I've been through several of these things now; my maternal grandfather, my mother's 2nd husband Mike, my best friend Mike (who died WAY too early at 34 of a heart attack), both grandmothers, and now my father. And with the exception of one time with Mikey, right after we found him, and I was trying to restrain my wife so she wouldn't see him, we cried as I held her back. But I didn't cry on any of the others. This is not to say that I didn't or don't grieve. Quite the contrary. And nor is it some half-assed attempt at strength. I'm not sure I can explain it. Call me stoic, if you will. But I think what it's about is that on one hand I'm a realist, and on the other, my faith foundation tells me some things with what I'm able to consider profound certainty.
First, we're all going to die. It's part of life, and I think Americans fear it too much. We fear that which we do not understand, or so it is said. Well, I guess I don't fear it as much as some; at least as it applies to others. I have most of the same fears as the next guy relating to my own mortality, certainly more so now that I have both a wife and a daughter to care for. Anyway. When the people I mentioned died; It was a foregone conclusion for all but one; and more than one had outlived medical expectations. So, it wasn't dealing with a surprise, it was processing the inevitable. And in Mikey's case, he hadn't been to a doctor in six years leading up to his death; and had he done so, even a GP would have picked up the irregularities in his heart (it ended up being 50% enlarged, I'd speculate his cholesterol was near four digits.) and he may have avoided it. in any case; nothing I could have done for him, or for any of the others. So, in my mind, there's nothing to emotionally disintegrate about there. Now, on to the spiritual...
My belief in God (see an upcoming blog for the nature of that) tells me with certainty that the souls of those I loved and lost are safe with Him. And it really doesn't have to go a lot farther than that in most cases. So, there's something to actually lift my spirits. I'm comforted. I remember Revelation 21:4 in my mind:
Out of context, to be certain. But, at the end of my life, and at the end of all our lives, we're all going to be together. So, I'm OK with that.
And God shall wipe away all tears from their eyes; and there shall be no more death, neither sorrow, nor crying, neither shall there be any more pain: for the former things are passed away.
Lastly, my father and I went through an 8-year estrangement, because at the time I had elected to no longer participate in, and be a victim of, the extraordinarily abusive co-dependent relationship he was mired in with a disgusting, dysfunctional, festering, crackhead wandering shred of human debris. He had also made some horrible ethical and moral choices then and prior that severely hurt some other people that I care a lot about, and I cannot abide that under any circumstances. So, at the time, he was already dead to me, and I mourned him then, over the course of 8 years. I never didn't love him, but I'd lost all respect for him. That to me was worse, because it was his stock in trade, a virtue he valued above almost all other. We reconciled a little while after my daughter was born, because there was no way I was going to deny him the joy of a relationship with a granddaughter he never figured he'd even have, much less see. And, I discovered after years of thought, that the choices he made in his own life were his problem, and I also learned that if people he hurt forgave him; I no longer had any reason to hold a grudge on their behalf.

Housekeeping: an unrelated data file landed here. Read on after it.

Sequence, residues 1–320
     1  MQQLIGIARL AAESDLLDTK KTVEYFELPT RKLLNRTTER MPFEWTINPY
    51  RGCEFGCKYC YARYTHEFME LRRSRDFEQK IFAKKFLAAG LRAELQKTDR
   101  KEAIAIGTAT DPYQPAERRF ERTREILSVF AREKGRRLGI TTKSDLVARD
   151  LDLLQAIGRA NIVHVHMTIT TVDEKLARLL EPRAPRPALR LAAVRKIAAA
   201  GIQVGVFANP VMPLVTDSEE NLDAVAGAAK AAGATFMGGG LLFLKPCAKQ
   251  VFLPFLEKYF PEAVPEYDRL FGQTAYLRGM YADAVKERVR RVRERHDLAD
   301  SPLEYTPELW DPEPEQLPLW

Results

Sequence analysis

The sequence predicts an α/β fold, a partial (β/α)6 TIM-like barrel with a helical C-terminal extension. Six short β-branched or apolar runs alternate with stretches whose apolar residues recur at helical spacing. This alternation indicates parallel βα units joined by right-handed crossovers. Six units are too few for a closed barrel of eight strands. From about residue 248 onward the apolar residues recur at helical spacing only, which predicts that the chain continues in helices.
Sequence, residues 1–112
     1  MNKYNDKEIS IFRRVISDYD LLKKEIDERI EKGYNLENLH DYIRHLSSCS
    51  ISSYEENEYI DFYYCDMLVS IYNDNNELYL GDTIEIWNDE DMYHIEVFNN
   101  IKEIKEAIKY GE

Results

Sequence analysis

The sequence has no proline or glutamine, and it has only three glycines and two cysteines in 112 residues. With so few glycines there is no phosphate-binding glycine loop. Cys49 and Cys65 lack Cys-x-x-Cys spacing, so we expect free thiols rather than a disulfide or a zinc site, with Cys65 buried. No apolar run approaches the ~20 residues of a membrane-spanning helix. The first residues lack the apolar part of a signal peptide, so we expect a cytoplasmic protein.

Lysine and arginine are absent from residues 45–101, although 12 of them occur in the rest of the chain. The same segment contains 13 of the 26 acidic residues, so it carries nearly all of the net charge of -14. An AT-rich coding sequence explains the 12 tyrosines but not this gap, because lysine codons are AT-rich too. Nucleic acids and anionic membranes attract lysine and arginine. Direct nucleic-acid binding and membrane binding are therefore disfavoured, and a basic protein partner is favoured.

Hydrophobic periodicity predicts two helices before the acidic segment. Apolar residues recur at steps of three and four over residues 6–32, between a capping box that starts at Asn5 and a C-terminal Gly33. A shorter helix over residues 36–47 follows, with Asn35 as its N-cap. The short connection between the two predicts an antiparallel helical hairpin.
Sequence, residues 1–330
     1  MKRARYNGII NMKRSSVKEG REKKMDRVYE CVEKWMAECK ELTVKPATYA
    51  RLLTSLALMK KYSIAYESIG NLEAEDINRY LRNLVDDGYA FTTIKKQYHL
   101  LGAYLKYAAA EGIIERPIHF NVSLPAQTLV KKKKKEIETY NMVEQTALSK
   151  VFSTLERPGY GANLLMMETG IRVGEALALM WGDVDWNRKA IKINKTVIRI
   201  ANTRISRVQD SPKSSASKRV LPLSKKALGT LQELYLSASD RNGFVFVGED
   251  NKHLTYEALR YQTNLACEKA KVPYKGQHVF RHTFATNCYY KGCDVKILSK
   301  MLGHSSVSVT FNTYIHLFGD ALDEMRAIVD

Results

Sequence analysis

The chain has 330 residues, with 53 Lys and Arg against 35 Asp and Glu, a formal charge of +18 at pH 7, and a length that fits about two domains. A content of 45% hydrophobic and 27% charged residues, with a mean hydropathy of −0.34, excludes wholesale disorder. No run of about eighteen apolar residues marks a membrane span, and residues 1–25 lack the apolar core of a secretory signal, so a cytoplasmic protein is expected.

So, I let it go. And I found a man who had softened considerably; 2 years of kind, gentle, funny times; the best times together we ever had. He knew that I loved him, he knew that his granddaughter loved him, and he got to watch her grow. We enjoyed sports, a mutual obsession with The West Wing, and his granddaughter. So, the 8 years of silence served to help me to find the real father that I loved. His health had declined significantly, and I knew he didn't have long, and he exasperated the hell out of me because with emphysema, asthma, a quad bypass and a half-dozen strokes; the man still smoked. But I cherish the times we had at the end, and I cherish the man he was, and honor greatly the man he wanted to be.
So, in closing, death is just another step. That's why I don't freak out.
DISCLAIMER: They also say that when a man loses his mother, his wife, or his child, all bets are off, so who knows how I'll be if any of those things happen.